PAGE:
Junto historians review Revolutionary role-playing games

History prof and never-dull blogger John Fea was talking up the Junto before the new group blog on early American history even launched in December.

Fea was right. The team of academics contributing to the Junto offer a consistently intriguing stream of smart commentary that, like all the best history, tells us as much about the present as it does about the past. It’s a great read even for those of us who aren’t historians and who sometimes can’t remember if it’s Philip Vickers Fithian or Philip Fickers Vithian.

For a taste of what the Junto has to offer, let me recommend two recent posts discussing two popular fantasy role-playing games that draw on the American Revolution.

American Revolution: The Game,” a post by Michael D. Hattem, looks at Assassin’s Creed III. Hattem says the game designers did their homework and all that research pays off in a meticulous, thrilling game-world:

I found the gaming experience of walking around Boston (as an English gentleman) to be both personally thrilling and historically enlightening. The cities were designed from historical maps and are incredibly accurate renderings. But it’s not just the layouts that are accurate. Walking down the streets of Boston in 1754, one witnesses robberies (of which no one bothers to take notice), various groups of persons interacting, random dogs and pigs wandering the streets, small groups of children in ripped clothing and no shoes harassing passers-by, and groups of British soldiers marching through the streets who will just come up to you and push you around if you make yourself too conspicuous. It really brings to life the sort-of — for lack of a better term — Wild-West nature of colonial urban life.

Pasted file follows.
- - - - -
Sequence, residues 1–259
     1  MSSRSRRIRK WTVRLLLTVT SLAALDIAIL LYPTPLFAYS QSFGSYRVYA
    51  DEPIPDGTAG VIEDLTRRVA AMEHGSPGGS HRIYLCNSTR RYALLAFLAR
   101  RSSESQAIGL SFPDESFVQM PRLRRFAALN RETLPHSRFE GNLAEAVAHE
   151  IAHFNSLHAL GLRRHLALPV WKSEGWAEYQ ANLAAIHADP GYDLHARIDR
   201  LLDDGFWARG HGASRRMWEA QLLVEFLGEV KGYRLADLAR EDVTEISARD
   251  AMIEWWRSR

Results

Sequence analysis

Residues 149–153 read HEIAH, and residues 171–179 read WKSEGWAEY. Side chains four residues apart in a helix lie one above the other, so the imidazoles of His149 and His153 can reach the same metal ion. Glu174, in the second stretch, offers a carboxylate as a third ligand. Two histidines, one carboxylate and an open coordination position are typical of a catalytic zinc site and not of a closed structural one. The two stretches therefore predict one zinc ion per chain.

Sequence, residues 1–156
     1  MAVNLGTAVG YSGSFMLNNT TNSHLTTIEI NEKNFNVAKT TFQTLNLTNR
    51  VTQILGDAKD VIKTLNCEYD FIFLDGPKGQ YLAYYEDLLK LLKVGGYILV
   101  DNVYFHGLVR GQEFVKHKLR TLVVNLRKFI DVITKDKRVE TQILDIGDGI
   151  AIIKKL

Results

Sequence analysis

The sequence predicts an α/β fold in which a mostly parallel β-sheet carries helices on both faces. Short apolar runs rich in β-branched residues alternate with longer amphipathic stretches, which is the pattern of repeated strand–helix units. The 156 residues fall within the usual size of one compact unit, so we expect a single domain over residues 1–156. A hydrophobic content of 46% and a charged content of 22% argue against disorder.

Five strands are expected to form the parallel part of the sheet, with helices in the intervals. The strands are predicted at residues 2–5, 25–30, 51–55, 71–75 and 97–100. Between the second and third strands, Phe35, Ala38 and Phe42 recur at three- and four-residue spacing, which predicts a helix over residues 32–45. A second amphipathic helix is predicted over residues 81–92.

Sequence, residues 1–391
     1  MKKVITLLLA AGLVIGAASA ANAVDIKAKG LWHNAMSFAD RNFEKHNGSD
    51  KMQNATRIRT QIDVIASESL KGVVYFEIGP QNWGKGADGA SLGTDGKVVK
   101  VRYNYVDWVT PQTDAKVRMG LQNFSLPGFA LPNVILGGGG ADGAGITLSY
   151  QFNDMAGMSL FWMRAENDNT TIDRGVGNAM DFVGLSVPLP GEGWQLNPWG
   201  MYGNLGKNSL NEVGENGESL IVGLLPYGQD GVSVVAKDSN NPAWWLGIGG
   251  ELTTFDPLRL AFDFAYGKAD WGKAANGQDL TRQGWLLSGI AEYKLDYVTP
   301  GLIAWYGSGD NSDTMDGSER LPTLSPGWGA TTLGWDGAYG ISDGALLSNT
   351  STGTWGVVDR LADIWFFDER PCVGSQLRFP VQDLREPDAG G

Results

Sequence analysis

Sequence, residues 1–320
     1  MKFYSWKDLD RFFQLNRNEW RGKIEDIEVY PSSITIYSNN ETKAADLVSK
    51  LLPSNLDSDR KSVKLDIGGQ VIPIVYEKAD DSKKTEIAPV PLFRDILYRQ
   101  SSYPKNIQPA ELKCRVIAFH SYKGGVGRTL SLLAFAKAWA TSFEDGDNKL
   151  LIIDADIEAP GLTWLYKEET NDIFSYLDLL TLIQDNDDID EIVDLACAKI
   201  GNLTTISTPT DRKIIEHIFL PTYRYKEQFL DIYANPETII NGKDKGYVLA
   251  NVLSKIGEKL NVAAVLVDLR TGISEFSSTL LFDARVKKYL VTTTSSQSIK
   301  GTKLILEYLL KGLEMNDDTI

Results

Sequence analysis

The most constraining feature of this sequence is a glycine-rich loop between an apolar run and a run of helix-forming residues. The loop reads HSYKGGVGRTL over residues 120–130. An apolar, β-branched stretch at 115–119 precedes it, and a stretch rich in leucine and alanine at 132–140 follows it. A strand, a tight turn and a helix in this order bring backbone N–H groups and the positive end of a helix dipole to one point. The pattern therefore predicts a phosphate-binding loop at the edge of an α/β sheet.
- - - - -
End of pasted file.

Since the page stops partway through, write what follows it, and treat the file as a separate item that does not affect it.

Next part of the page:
… Both the settings and the storyline … are amazingly detailed and complex. … In the end, barring a time machine, this game is as close as one can get to a dynamic visual experience of colonial and revolutionary settings. For the non-historian, the game will also bring home the violent nature of the Revolution, something often downplayed in popular history and oft-ignored even in the scholarship. Being an early Americanist, the game has led me to consider more the nature of the settings in which the historical subjects about whom I write lived.

One of the highlights, Hattem says, is the sequence in the game in which players participate in the Boston Tea Party: